By Sarah Boessenecker (@tetrameryx)
Happy Fossil Friday!
Here’s a different type of Friday Fossil Feature: not a fossil directly, but even better! (in the humble opinion of one museum staff member at least…)
Fossils are wonderful, but where are they kept if not on display?
The Collections Room! insert ‘The Room Where it Happens’ song from Hamilton
2 months ago, CCNHM was the proud recipient of 5 BRAND NEW Lane Cabinets! We also got 51 new drawers to go inside these (and previously existing) cabinets, ready to be filled with fossils. This increased storage space in Collections cabinets by 25%, and drawer space by a whopping 41%! While that may not seem like a lot, every little bit of storage space counts when you work in a museum.
What will they do with all this extra space? Well, fill it with fossils, of course. But, before they start adding more fossils, it’s the perfect opportunity to rearrange everything, and place fossils in stratigraphic order. What does this mean, exactly, and how is it being done?
At the beginning, fossils were not arranged by taxon or stratigraphically; they were placed into cabinets as needed, and as more fossils came in, they were added to those cabinets but not following a formal organization scheme: they were simply added as space allowed. Some cabinets were dedicated to particular groups. Museum staff had been wanting to re-organize the cabinets for 5 years – and finally were able to do so with the new arrivals and added storage space!
Placing fossils in stratigraphic order means having them sorted by age – having fossils from the oldest rock layers first, and working our way up to the Pleistocene (ice age) fossils. In a sense, the collections cabinets are a timeline of evolution; having things sorted by age helps to show trends in evolution, and walking along the cabinets is a journey through time. We have used both methods for the rearrangement of our collections – overall, specimens are placed in stratigraphic order, but in that stratigraphic order, they are then placed in taxonomic order, and grouped by locality. That is, all mysticete (baleen whale) fossils from the Ashley Formation are grouped together, and fossils from one locality are grouped with others from the same locality. Odontocete (toothed) whales were treated the same – those from the same formation grouped, and those within that formation were grouped with other fossils from the same locality.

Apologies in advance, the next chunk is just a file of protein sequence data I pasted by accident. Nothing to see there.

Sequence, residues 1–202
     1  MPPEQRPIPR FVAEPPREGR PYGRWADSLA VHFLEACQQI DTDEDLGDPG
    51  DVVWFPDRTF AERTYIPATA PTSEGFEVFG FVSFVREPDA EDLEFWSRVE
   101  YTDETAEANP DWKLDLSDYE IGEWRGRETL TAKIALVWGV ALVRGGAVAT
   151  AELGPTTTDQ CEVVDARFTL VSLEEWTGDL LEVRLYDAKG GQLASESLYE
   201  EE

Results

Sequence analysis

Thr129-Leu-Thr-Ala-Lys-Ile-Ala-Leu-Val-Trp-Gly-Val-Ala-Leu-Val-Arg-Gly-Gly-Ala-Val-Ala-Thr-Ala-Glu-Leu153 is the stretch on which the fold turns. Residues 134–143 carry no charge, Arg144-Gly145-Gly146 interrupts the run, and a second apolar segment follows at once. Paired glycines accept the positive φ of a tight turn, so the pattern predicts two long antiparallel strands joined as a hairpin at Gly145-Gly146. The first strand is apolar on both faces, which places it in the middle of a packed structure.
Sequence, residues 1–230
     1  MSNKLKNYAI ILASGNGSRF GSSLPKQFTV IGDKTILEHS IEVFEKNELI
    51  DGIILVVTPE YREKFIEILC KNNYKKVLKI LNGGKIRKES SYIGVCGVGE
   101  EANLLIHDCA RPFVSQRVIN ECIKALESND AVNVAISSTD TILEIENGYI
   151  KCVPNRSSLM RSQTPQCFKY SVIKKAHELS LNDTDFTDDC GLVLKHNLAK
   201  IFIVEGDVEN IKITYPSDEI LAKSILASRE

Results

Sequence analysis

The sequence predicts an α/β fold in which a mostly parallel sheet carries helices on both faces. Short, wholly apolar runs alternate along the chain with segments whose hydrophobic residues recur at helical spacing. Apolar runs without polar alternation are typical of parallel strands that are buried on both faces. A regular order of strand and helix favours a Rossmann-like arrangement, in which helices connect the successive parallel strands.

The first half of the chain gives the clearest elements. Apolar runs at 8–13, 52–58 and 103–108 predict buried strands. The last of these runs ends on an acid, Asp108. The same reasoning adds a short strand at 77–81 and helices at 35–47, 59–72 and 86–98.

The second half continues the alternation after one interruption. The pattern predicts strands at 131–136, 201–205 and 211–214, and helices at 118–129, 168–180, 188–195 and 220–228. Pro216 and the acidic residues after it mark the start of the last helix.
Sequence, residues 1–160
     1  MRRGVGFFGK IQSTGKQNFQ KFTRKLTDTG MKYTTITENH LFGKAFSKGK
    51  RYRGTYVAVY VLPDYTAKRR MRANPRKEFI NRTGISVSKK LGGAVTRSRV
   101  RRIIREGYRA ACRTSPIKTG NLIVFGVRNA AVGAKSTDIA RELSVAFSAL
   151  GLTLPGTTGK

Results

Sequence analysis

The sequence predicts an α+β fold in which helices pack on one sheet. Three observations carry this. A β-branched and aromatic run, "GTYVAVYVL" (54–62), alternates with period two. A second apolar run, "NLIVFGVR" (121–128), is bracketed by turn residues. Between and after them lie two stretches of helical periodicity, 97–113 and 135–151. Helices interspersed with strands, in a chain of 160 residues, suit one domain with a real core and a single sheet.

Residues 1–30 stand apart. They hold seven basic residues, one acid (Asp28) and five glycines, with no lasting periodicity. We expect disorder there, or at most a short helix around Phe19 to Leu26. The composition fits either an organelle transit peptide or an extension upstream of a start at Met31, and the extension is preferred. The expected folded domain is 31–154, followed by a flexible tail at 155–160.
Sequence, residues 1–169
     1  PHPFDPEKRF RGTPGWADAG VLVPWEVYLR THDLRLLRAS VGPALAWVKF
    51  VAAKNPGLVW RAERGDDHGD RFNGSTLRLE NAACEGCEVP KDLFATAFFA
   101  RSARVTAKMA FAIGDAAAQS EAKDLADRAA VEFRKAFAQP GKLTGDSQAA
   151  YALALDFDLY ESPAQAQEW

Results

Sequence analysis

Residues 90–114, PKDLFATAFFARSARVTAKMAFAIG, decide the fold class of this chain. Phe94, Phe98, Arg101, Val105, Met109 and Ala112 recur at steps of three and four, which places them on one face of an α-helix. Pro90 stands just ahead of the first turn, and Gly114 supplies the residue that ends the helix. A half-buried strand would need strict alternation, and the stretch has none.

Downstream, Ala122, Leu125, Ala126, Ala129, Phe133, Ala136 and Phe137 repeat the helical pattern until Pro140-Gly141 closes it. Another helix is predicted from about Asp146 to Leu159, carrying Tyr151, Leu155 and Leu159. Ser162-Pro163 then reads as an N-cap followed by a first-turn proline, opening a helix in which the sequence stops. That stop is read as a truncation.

How is this being accomplished? Hard work. Lots of hard work. Not mentally taxing, more physically taxing – first, museum staff went through all of the drawers in cabinets and made note of what time period the fossils within were from, and labeled the drawer with relevant information. Then, a bit of mental work went into it: seeing how many fossils from one time unit we had, and how likely it was for us to get more fossils from that particular time period. Older time periods (the Silurian, for example) were represented by a handful of small specimens, but nothing local (South Carolina doesn’t have any rocks that old!) and as such, were not likely to grow in size. However, most of the time periods represented in South Carolina and our collections are Oligocene in age; the Ashley Formation (Rupelian/early Oligocene) and the Chandler Bridge Formation (Chattian/late Oligocene). Understanding that our fossil collection from these two formations (and with that, time periods) would grow, we knew they would ultimately take up more space. We tallied up how much we had representing each time period, and pulled all of the fossils out of their drawers – that’s where it became physically taxing, as some of these fossils were quite large – they are whales, after all!
Then came the drawer shuffling; the drawers can be placed at different heights to allow for different sized fossils to fit inside – we moved the drawers over into the new cabinets, and slowly moved fossils over, leaving some empty drawers to allow for expansion.
By doing this, we were able to reassess what we had in collections, and make a game-plan for expansion – for example, if we had a large number of taxa represented in the collections that were not relevant to the research happening at CCNHM, less drawer space was allocated for those taxa as we were would not actively collect or seek them out to add to the collections. Having a strong collections policy is vital for the success of any museum – it allows for a guided expansion, and keeps their focus on their mission – for us, educating the lowcountry public on our local fossils!
HUGE THANK YOU to Dr. Scott Persons, Dr. Norm Levine, and Dr. Robert Boessenecker for getting all these cabinets in place for our Collections Manager Sarah to organize and fill with fossils!